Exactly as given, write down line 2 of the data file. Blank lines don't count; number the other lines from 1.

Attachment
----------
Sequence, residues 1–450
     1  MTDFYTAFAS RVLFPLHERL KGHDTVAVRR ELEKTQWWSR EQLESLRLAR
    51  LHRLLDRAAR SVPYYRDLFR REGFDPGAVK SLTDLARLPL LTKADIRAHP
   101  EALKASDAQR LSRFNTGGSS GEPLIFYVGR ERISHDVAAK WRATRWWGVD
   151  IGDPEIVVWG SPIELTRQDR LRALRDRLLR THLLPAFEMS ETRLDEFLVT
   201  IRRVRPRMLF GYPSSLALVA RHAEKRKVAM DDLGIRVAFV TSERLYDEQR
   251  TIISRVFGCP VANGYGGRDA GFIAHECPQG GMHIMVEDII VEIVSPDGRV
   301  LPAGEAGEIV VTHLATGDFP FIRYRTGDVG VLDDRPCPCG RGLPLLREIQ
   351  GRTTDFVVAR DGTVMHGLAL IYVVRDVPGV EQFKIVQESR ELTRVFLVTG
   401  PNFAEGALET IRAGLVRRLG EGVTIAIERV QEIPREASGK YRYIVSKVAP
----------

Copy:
     1  MTDFYTAFAS RVLFPLHERL KGHDTVAVRR ELEKTQWWSR EQLESLRLAR